β-cryptoxanthin has a dark orange, almost red, appearance that gives mandarin fruit and juices their distinctive colors (GOODNER et al., 2001). Besides, β-cryptoxanthin concentrations vary drastically among different citrus fruits, being large for all mandarin products and low for all orange products (YANO et al., 2005). In fact, Goodner et al. (2001) concluded that β-cryptoxanthin can be used as a discriminating factor among orange, mandarin, and hybrid classification. β-cryptoxanthin accounted for about 61% of all carotenoids found in canned Satsuma segments, with concentrations ranging from 6.1 to 10.6 mg.L-1 in control samples after pasteurization and in grape-preserved samples before pasteurization, respectively. Lee and Castle (2001) reported that with the onset of peel color development, the gradual synthesis of new pigments begin, in particular, β-cryptoxanthin, zeaxanthin, and antheraxanthin. These authors reported values of β-cryptoxanthin growing from 2.6% in unripe fruits up to 12.9% in ripe juices of Hamlin, Earlygold, and Blood Sweet oranges. This information confirmed that Satsuma mandarin used in this experiment were well-ripen.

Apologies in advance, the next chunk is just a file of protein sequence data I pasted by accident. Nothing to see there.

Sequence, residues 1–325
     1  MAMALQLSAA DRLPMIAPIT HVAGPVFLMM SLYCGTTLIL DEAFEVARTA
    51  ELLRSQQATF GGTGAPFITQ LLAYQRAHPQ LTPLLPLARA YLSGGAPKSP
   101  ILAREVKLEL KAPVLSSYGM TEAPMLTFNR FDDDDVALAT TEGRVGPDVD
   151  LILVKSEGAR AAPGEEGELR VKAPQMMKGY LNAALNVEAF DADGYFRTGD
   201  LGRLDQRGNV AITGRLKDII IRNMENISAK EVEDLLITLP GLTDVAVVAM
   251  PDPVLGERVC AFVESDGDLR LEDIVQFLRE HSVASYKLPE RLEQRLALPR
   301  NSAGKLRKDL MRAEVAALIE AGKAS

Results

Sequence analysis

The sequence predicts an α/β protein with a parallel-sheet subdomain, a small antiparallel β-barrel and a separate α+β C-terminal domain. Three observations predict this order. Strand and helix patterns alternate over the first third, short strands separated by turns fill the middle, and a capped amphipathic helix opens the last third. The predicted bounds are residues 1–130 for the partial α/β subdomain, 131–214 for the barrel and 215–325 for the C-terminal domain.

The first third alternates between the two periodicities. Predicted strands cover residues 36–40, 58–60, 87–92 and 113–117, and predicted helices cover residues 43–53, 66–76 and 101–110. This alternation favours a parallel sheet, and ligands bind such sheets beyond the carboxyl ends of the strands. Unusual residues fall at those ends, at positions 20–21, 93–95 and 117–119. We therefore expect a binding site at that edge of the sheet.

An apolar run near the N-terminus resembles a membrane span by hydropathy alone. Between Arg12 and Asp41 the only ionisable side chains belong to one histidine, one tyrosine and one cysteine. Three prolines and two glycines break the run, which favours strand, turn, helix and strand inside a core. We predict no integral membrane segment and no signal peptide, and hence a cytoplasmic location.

Meléndez-Martínez et al. (2007) reported that xanthophylls predominated over carotenes and that the 5,6-epoxy carotenoids violaxanthin, and antheraxanthin were the major carotenoids in a novel frozen-marketed orange juice. In fact, antheraxanthin and violaxanthin were the third and fourth most abundant carotenoids in canned Satsuma products, with mean concentration of 0.97 and 0.65 mg.L-1, respectively.

Lutein and violaxanthin have been described as the most common juice pigments in unripe oranges. Lutein is a typical basic chloroplast pigment, converted to epoxy carotenoids as the ripening proceeds (LEE; CASTLE, 2001). Luteoxanthin and auroxanthin are specifically isomers of violaxanthin (with one and two 5,8-epoxy groups, respectively) that are formed when violaxanthin is in contact with acids, like in citrus juices or mango products (MERCADANTE; RODRIGUEZ-AMAYA, 1998). Auroxanthin was not found in this experiment but the mean concentration of luteoxanthin b (tentatively identified) was 0.43 mg.L-1 (ranking 6th in the list of most abundant carotenoids).